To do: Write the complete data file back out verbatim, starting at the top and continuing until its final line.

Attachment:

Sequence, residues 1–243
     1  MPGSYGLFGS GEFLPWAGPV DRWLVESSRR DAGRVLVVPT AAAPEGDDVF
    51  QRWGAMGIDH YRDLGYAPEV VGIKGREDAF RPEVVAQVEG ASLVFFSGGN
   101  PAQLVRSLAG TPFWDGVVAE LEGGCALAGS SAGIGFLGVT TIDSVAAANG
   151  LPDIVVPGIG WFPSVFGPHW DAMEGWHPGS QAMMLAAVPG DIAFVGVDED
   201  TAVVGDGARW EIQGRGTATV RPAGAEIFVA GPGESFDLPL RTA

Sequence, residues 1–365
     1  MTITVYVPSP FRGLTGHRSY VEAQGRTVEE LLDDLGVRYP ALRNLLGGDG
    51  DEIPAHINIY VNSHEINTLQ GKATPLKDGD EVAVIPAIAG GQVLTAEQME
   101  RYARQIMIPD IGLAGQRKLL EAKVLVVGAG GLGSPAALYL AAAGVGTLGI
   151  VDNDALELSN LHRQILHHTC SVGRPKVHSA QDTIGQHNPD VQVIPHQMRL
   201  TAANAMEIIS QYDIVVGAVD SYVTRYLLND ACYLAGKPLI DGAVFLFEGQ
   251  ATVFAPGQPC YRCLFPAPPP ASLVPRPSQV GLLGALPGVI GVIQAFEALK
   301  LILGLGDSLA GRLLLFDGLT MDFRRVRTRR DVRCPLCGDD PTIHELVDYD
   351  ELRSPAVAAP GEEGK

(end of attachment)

Sequence, residues 1–243
     1  MPGSYGLFGS GEFLPWAGPV DRWLVESSRR DAGRVLVVPT AAAPEGDDVF
    51  QRWGAMGIDH YRDLGYAPEV VGIKGREDAF RPEVVAQVEG ASLVFFSGGN
   101  PAQLVRSLAG TPFWDGVVAE LEGGCALAGS SAGIGFLGVT TIDSVAAANG
   151  LPDIVVPGIG WFPSVFGPHW DAMEGWHPGS QAMMLAAVPG DIAFVGVDED
   201  TAVVGDGARW EIQGRGTATV RPAGAEIFVA GPGESFDLPL RTA

Sequence, residues 1–365
     1  MTITVYVPSP FRGLTGHRSY VEAQGRTVEE LLDDLGVRYP ALRNLLGGDG
    51  DEIPAHINIY VNSHEINTLQ GKATPLKDGD EVAVIPAIAG GQVLTAEQME
   101  RYARQIMIPD IGLAGQRKLL EAKVLVVGAG GLGSPAALYL AAAGVGTLGI
   151  VDNDALELSN LHRQILHHTC SVGRPKVHSA QDTIGQHNPD VQVIPHQMRL
   201  TAANAMEIIS QYDIVVGAVD SYVTRYLLND ACYLAGKPLI DGAVFLFEGQ
   251  ATVFAPGQPC YRCLFPAPPP ASLVPRPSQV GLLGALPGVI GVIQAFEALK
   301  LILGLGDSLA GRLLLFDGLT MDFRRVRTRR DVRCPLCGDD PTIHELVDYD
   351  ELRSPAVAAP GEEGK